Tuesday, April 21, 2015

How's that again?

The government has filed an objection to the stay of execution issued by the Supreme Court of Pakistan with respect to death sentences already handed down or to be handed down by the country's new military courts. According to this report in The Express Tribune,
The government filed a petition on Tuesday, arguing that there is no reason for the apex court to stay executions of the convicts even before assessing the authority of military courts.
So let's try to wrap our heads around this, shall we? Since the Court hasn't ruled on the merits of the constitutional petition attacks on the new courts, the argument in favor of vacating the stay goes, no stay is warranted -- and the executions should proceed if the government in its sole discretion wishes to do so. And then what? "Tough luck" for those hanged as a result if, in the end, the Court sustains the challenges to the 21st Amendment and implementing legislation?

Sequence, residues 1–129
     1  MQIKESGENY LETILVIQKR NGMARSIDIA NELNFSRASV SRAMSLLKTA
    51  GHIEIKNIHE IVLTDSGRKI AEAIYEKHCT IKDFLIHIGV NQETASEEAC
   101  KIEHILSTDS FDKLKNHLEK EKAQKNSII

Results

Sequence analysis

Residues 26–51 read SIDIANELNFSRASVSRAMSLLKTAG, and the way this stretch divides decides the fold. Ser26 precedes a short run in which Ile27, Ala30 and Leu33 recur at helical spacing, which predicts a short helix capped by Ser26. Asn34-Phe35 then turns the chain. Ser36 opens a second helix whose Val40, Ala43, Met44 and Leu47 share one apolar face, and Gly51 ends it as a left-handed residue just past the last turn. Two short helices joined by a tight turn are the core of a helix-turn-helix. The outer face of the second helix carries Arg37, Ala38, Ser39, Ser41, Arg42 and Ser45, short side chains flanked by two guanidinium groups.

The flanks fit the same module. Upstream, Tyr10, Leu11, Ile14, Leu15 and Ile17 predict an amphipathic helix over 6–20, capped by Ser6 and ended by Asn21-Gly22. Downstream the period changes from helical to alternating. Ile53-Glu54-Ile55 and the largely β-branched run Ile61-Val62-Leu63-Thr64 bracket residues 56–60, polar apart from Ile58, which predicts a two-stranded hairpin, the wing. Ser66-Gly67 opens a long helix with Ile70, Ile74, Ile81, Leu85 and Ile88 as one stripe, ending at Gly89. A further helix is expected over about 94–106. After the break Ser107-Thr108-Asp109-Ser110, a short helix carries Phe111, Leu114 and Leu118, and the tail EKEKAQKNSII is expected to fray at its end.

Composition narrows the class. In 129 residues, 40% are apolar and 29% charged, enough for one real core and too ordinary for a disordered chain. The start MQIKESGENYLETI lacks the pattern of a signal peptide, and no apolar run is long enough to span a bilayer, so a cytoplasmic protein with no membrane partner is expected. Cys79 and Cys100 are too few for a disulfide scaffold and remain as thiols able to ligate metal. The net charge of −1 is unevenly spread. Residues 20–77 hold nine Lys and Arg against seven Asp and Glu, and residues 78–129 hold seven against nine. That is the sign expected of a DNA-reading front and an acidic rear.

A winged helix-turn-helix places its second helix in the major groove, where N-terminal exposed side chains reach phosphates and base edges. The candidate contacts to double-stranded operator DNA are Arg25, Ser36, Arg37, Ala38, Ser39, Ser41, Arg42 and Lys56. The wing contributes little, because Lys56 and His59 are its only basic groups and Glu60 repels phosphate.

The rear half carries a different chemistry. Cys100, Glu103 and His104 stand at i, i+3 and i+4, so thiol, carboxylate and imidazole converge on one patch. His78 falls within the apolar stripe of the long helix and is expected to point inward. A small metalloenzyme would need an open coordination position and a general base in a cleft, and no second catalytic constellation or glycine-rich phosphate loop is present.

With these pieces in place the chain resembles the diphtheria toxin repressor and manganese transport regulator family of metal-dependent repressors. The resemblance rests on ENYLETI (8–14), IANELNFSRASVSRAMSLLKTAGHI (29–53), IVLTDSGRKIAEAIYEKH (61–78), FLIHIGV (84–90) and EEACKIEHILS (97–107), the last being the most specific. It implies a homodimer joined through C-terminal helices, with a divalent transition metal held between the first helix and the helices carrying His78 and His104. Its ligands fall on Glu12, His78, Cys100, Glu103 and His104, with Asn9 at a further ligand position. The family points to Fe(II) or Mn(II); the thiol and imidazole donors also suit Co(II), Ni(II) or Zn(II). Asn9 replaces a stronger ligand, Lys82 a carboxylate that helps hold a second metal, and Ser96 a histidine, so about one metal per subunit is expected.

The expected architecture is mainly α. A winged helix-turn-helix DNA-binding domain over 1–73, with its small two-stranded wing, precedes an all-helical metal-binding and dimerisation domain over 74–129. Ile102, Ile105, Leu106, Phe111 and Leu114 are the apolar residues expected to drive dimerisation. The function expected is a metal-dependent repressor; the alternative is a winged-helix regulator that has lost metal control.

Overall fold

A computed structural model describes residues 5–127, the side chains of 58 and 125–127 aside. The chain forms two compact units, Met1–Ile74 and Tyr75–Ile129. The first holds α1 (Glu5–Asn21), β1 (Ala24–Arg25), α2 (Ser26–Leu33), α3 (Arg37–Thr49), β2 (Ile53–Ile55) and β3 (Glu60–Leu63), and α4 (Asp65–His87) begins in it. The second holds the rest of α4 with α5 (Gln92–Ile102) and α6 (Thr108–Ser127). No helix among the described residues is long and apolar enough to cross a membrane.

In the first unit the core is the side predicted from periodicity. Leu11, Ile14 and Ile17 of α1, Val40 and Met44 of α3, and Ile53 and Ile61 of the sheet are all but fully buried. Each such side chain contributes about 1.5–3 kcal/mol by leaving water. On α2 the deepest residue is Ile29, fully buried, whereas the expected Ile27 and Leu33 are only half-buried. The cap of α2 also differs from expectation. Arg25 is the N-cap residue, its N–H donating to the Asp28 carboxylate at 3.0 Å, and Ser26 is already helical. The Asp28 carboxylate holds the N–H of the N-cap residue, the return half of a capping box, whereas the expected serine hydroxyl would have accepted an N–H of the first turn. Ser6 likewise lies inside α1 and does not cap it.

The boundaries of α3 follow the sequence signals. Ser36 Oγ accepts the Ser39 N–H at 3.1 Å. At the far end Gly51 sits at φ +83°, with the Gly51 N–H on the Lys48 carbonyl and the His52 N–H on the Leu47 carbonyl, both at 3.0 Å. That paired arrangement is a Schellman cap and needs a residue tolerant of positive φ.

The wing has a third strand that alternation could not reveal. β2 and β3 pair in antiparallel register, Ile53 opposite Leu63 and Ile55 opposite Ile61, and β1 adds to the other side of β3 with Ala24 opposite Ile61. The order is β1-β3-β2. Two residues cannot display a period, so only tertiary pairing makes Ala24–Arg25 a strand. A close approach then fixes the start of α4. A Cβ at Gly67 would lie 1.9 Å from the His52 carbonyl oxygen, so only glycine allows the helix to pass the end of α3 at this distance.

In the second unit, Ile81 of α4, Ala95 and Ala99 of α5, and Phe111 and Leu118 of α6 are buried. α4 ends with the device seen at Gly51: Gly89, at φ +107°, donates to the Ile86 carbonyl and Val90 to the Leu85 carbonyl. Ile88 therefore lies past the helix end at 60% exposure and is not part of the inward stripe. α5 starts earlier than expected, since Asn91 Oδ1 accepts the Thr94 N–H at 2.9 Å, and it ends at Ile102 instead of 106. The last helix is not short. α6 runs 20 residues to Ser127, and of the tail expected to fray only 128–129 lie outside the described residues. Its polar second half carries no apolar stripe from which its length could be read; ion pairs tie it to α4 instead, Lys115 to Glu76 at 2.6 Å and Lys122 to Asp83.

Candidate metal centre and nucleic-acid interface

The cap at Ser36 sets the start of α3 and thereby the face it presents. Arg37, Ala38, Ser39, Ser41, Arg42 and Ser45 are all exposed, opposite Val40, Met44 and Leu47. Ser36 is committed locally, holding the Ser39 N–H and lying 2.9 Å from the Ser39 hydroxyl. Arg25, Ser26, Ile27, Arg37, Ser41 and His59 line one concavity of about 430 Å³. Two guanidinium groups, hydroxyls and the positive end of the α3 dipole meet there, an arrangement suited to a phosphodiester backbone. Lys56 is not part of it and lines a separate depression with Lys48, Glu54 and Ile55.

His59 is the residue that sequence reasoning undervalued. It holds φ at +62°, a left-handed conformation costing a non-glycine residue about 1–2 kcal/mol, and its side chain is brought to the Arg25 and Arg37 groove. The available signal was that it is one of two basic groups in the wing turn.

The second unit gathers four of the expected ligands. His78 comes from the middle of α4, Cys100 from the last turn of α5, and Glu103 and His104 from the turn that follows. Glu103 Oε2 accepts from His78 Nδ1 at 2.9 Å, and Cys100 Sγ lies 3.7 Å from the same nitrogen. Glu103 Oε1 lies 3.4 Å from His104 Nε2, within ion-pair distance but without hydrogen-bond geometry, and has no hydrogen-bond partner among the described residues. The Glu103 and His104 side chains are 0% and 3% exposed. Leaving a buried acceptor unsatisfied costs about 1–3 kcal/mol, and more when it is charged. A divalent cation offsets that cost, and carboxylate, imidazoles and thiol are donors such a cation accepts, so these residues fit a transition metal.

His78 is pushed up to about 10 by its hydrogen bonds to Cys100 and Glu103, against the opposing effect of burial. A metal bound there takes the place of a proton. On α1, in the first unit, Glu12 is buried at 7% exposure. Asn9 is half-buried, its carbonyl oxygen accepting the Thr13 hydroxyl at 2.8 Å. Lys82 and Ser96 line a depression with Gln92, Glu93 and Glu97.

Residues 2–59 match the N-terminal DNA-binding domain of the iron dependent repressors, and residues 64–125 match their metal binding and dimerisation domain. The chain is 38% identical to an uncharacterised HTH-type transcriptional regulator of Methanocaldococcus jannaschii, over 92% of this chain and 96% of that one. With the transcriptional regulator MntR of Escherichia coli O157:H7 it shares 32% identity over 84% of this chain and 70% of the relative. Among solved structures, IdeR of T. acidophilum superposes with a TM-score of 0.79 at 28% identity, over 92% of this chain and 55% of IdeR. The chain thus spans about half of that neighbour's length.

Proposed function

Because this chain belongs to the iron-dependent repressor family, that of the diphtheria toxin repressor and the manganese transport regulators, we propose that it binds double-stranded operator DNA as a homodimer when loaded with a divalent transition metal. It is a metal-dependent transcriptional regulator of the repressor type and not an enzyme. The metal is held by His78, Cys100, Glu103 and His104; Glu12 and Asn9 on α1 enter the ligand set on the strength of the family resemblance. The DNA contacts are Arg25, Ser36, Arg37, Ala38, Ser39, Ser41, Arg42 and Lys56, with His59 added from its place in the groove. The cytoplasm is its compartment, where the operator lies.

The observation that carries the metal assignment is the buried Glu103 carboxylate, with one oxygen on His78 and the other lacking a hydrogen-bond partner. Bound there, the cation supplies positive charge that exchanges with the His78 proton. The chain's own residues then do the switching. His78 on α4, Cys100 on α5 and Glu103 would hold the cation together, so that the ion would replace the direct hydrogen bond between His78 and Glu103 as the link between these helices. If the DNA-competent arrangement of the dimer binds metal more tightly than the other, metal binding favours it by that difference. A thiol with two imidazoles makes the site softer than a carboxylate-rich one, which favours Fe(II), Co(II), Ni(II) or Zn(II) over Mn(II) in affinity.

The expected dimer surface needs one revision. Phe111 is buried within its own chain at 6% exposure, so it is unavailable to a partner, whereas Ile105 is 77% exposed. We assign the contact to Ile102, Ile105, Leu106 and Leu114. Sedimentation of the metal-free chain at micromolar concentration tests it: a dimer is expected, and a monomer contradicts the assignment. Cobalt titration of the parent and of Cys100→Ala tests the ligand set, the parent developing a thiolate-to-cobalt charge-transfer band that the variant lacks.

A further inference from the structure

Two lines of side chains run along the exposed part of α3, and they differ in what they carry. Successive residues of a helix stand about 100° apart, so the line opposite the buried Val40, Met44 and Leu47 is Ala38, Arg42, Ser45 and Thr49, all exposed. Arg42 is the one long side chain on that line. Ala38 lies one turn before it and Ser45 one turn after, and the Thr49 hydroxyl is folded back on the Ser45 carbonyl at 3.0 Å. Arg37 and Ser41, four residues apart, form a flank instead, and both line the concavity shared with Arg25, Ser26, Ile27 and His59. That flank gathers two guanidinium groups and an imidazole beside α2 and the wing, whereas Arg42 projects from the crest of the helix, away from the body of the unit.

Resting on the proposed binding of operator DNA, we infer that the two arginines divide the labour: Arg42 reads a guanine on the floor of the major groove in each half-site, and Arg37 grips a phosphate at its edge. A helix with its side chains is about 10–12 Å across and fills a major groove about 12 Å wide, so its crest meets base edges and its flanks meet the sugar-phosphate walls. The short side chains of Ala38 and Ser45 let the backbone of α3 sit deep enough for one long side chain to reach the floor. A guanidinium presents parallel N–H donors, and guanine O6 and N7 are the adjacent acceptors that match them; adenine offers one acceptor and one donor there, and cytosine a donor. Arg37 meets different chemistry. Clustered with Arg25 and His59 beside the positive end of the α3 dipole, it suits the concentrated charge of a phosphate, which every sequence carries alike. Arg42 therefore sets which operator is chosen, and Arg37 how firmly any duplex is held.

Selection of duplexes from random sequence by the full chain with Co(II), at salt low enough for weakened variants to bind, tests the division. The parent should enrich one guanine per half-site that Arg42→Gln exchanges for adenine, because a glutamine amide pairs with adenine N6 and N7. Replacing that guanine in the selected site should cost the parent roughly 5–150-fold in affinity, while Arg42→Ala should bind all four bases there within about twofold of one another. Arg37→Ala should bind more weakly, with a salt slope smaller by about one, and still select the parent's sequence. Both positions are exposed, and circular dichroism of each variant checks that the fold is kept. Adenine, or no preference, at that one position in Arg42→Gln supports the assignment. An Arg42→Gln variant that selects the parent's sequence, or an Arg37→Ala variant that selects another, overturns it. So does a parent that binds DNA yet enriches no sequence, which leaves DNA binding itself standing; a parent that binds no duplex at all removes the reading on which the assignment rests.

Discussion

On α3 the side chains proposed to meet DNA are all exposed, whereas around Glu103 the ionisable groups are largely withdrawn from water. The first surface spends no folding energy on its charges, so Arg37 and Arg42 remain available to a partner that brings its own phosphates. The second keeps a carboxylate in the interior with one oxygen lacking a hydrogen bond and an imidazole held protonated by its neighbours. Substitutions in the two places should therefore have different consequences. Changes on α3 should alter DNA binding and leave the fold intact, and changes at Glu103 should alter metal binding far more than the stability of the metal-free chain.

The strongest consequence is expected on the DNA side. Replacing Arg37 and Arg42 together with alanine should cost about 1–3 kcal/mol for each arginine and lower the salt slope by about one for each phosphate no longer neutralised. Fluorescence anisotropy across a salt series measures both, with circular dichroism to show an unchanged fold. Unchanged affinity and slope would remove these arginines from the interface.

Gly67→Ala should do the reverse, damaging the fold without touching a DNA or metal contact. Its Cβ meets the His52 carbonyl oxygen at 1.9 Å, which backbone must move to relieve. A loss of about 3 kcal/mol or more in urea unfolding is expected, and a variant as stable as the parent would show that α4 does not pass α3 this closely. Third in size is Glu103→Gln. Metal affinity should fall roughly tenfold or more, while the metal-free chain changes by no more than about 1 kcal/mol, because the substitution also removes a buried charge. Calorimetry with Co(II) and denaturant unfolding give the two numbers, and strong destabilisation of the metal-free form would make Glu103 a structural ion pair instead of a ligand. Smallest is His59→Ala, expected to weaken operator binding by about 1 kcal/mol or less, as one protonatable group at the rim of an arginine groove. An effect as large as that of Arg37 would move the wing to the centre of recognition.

It is very frustrating to be a spectator during this controversy without access to the underlying legal documents. Perhaps some Global Military Justice Reform reader in Pakistan who has access to those documents can submit a comment and enlighten the rest of us on precisely what the government said in seeking to vacate the stay -- or, for that matter, what the government's specific response is to the challenges to the new military courts. Indeed, how about the text of the petitioners' challenges? (Real names only, please.)

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